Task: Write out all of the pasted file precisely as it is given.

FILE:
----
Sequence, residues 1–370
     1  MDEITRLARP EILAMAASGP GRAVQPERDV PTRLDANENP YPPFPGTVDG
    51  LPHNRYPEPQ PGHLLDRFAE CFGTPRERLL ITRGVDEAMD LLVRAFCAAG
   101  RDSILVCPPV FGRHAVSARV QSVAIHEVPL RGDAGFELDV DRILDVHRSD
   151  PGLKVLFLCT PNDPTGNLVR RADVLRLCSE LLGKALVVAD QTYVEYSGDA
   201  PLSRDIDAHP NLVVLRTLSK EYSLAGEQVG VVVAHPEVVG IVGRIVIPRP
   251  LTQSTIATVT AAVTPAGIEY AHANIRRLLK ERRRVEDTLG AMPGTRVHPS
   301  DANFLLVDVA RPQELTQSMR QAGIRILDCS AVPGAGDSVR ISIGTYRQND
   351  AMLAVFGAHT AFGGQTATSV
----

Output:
Sequence, residues 1–370
     1  MDEITRLARP EILAMAASGP GRAVQPERDV PTRLDANENP YPPFPGTVDG
    51  LPHNRYPEPQ PGHLLDRFAE CFGTPRERLL ITRGVDEAMD LLVRAFCAAG
   101  RDSILVCPPV FGRHAVSARV QSVAIHEVPL RGDAGFELDV DRILDVHRSD
   151  PGLKVLFLCT PNDPTGNLVR RADVLRLCSE LLGKALVVAD QTYVEYSGDA
   201  PLSRDIDAHP NLVVLRTLSK EYSLAGEQVG VVVAHPEVVG IVGRIVIPRP
   251  LTQSTIATVT AAVTPAGIEY AHANIRRLLK ERRRVEDTLG AMPGTRVHPS
   301  DANFLLVDVA RPQELTQSMR QAGIRILDCS AVPGAGDSVR ISIGTYRQND
   351  AMLAVFGAHT AFGGQTATSV